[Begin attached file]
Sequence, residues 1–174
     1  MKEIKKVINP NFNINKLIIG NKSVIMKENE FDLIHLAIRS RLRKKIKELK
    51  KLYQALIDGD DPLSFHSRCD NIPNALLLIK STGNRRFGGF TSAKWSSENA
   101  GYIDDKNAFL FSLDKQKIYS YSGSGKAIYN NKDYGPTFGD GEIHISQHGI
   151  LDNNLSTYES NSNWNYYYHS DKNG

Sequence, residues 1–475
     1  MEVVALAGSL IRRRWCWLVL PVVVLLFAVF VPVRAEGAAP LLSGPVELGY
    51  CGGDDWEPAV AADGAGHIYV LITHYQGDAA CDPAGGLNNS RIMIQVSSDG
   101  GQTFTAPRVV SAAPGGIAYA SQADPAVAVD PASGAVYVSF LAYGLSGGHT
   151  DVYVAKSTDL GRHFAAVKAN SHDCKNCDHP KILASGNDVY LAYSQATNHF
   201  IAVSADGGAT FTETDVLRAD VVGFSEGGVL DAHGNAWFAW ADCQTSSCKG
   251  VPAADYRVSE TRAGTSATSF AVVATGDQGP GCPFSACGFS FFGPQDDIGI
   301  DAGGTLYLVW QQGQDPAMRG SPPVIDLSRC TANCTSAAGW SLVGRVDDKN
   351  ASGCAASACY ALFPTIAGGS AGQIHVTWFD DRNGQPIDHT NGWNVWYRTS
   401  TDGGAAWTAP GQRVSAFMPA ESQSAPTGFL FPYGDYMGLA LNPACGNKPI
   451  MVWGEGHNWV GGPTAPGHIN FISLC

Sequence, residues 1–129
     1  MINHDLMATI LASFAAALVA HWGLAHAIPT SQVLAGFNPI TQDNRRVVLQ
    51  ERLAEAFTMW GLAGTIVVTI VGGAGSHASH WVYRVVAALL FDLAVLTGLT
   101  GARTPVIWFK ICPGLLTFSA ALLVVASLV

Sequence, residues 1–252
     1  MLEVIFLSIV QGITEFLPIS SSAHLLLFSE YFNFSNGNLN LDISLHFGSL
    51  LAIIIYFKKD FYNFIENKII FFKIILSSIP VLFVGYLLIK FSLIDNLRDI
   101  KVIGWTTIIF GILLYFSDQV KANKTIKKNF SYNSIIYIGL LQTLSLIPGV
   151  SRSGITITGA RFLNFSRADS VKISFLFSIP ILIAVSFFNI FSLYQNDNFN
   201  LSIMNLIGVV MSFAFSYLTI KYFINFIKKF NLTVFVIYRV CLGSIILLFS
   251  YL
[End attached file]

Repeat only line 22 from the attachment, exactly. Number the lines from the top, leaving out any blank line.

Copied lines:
     1  MLEVIFLSIV QGITEFLPIS SSAHLLLFSE YFNFSNGNLN LDISLHFGSL